Osteoarthritis is a common disorder of the joints. It is most common in people over the age of 45, but younger adults can develop it as well.
It can affect any joint in the body. Usually it is the joints that bear most of our weight, such as the knees and hips. Joints that we use a lot in daily life, such as the joints of the hands, are also often affected.
A joint is the place where two or more bones meet. In a healthy joint, cartilage covers the surface of the bones and helps the bones move without touching.
When a joint develops osteoarthritis, some of the cartilage becomes thinner and the surface becomes rougher. This means the joint doesn't move as smoothly as it should. If the cartilage becomes very worn, the bones may begin to rub against each other and eventually wear away.
When cartilage becomes worn or damaged, all the tissues inside the joint become more active than normal. Experts in osteoarthritis often use the term "wear and tear and repair" to describe these processes. The repair processes that are initiated can change the structure of the joint, but often leave the joint working normally and without pain.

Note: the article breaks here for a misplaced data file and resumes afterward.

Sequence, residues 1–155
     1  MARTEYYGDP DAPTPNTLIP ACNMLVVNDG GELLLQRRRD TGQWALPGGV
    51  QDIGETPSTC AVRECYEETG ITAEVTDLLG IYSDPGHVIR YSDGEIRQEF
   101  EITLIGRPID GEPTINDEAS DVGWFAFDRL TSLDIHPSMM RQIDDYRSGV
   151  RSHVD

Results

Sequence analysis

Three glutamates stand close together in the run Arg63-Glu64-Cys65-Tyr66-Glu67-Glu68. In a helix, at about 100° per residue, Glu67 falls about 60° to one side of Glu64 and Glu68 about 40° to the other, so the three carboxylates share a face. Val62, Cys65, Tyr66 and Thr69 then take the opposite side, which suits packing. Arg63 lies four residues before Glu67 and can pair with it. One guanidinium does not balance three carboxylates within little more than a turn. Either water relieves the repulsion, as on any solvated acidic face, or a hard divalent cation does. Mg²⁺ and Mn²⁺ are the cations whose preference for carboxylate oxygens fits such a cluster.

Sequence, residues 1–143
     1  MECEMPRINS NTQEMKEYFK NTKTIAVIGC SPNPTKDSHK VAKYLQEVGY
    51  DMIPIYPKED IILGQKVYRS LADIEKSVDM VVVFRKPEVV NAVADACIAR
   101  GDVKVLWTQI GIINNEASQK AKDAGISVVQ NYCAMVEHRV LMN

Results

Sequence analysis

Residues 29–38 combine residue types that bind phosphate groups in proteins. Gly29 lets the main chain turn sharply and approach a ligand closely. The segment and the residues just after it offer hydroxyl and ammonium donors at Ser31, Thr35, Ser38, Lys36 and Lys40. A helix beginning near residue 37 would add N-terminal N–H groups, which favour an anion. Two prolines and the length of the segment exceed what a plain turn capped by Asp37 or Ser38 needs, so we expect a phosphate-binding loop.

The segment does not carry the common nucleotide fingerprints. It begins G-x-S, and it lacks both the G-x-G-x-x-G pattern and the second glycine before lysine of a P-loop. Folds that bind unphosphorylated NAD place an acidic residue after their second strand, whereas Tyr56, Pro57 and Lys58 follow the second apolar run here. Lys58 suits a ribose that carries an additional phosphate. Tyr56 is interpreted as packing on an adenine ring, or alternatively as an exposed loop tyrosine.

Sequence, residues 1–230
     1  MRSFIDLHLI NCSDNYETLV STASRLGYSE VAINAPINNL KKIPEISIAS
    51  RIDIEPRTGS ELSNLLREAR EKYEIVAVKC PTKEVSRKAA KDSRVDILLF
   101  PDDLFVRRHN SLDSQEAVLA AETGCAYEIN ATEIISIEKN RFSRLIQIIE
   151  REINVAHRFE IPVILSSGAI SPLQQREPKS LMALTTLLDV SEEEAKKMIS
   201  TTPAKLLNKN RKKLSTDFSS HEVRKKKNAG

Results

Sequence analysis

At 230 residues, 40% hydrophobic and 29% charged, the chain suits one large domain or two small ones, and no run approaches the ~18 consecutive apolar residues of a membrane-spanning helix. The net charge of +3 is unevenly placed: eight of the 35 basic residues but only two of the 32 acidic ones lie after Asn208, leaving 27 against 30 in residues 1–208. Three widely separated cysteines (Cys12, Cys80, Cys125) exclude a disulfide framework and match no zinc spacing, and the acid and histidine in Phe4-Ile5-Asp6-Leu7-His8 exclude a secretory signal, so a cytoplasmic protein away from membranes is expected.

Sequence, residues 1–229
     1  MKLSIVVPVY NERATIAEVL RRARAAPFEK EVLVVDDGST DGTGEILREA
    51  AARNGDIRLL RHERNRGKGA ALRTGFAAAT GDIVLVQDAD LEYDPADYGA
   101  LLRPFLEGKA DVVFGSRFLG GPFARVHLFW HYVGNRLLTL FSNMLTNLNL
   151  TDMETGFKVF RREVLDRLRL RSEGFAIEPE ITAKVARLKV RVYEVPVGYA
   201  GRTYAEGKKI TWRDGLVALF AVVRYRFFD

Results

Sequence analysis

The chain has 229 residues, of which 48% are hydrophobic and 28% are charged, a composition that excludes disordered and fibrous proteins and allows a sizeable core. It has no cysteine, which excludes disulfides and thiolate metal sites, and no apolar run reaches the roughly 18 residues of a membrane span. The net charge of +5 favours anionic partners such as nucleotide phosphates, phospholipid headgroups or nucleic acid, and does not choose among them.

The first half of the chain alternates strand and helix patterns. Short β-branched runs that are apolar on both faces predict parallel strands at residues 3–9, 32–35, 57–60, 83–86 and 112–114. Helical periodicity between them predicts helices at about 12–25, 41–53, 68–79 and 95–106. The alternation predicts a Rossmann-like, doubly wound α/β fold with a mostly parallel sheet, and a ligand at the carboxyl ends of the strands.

Almost all of us will develop osteoarthritis in some joints as we age, but it does not always cause pain and we are often not aware of it.
However, the repair processes don't always work as well and changes in the joint structure can sometimes lead to symptoms such as pain, swelling or difficulty moving.
- Extra bone may form at the edges of the joint. These extra pieces of bone are called osteophytes and can sometimes restrict movement or rub against other tissues. In some joints, especially the finger joints, these may be visible as firm, lumpy swellings.
- The rim of the joint capsule, called the synovium, may thicken and produce more fluid
than normal, causing the joint to swell.
- Tissues that surround the joint and help support it may become irritated so the joint becomes less stable over time.